Lay of the Land
The self-dubbed adventure capital of New Zealand occupies a choice location in the southwestern part of South Island. It lies on the banks of scenic Lake Wakatipu, a Z-shaped lake that is the country’s third largest. What makes Queenstown one of the most scenic spots in all of New Zealand is the mountain drama that frames it. The Southern Alps rise in the distance – their snow-peaked, jagged fingers pointing toward the sky – while closer by, the aptly named Remarkables mountain range and Cecil’s Peak frame Lake Wakatipu.
Queenstown itself feels a bit like a US Western town like Moab has merged with a college campus: it’s a touristy, busy little place right on the shore of the lake. You can easily walk through the entire town in under a half an hour. There are some good restaurants, like Rata and Botswana Butchery, some excellent hiking that originates at the top of Bob’s Peak and a terrific botanic garden, but staying in town is not the point here. Queenstown is all about outdoorsy activities. Don’t be too shocked by the backpacker crowds and the busloads of people lining up in front of Fergburger or for the package tour to Paradise Valley. Queenstown is the jumping-off point for the southwest’s best activities – and even if the crowds are off-putting, you can assume that you’re all in it for the same thing: to enjoy this region’s spectacular landscapes in such nearby wild places as Glenorchy and Wanaka. Also, with the proper planning and a great guide, it’s easy to get away from the mass tours and into the wilderness for which New Zealand is famous.
There are no international flights into Queenstown. Most travelers will arrive via Auckland or another domestic airport. The flight from Auckland takes two hours, and the drive from the airport to Queenstown is short (about 15 minutes).
The area’s best hotels are located along Lake Wakatipu, slightly outside of town. Matakauri, for example, is a 15-minute drive away, while Azur takes under ten minutes. Sleepy Glenorchy, home of the award-wining Blanket Bay Lodge, is a 45-minute drive along the lake – this is one of the most scenic drives in all of New Zealand. Hairpin turns rise high above the lake before dropping towards the valley and into the region that Peter Jackson used heavily during the filming of The Lord of the Rings. The hiking, fishing and nature there is breathtaking.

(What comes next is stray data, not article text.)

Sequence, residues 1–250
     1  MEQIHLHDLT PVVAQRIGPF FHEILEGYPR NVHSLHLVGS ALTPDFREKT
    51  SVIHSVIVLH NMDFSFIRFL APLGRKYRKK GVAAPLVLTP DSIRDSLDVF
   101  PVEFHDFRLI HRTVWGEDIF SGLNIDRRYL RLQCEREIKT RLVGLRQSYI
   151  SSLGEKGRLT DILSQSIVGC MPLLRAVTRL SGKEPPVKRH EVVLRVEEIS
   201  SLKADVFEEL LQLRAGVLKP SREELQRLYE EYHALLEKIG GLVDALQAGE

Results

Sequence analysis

For many travelers, a visit to Queenstown would not be complete without a helicopter tour or a flight/boating combination over the incredibly scenic Milford Sound, which is located within Fjordland National Park. It takes about 20 minutes to fly there from the airport, while the drive takes five-plus hours. However, the weather across the Milford Sound is famously iffy and is closely monitored by all of the plane and helicopter companies. (Generally, you will receive a call an hour before your scheduled flight to let you know whether it has been cancelled.)
Travelers who have their heart set on seeing Milford should book the fly-over for their first day there, understanding that if it gets cancelled, it will get rescheduled for the next day and then the following. Scheduling it on your first day therefore maximizes your chances of getting to participate in this bucket-list activity.